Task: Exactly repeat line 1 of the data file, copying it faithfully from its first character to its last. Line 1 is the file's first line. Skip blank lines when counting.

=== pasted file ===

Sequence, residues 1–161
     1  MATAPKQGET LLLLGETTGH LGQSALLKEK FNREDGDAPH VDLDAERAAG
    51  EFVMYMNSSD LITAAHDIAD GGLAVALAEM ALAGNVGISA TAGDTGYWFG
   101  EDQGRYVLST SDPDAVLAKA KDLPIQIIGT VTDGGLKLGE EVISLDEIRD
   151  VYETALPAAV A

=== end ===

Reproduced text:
Sequence, residues 1–161